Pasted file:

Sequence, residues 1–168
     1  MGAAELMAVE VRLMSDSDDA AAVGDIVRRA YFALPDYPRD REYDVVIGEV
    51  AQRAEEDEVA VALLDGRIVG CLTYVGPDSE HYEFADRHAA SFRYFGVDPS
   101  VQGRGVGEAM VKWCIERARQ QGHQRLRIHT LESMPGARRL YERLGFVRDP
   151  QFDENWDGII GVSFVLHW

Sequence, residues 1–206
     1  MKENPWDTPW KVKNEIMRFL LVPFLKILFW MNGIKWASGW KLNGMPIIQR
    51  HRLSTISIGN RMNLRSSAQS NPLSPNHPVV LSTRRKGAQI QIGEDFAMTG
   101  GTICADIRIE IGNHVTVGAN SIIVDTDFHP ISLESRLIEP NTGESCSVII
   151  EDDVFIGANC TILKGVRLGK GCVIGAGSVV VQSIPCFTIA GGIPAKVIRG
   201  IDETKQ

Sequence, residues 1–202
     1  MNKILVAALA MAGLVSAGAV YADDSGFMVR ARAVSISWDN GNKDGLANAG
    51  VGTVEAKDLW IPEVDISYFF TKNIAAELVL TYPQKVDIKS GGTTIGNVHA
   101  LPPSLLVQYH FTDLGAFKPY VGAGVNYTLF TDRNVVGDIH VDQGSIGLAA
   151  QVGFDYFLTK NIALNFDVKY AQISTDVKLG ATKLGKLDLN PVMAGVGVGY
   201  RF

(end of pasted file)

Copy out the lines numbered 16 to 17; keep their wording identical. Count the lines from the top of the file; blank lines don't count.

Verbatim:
   151  QVGFDYFLTK NIALNFDVKY AQISTDVKLG ATKLGKLDLN PVMAGVGVGY
   201  RF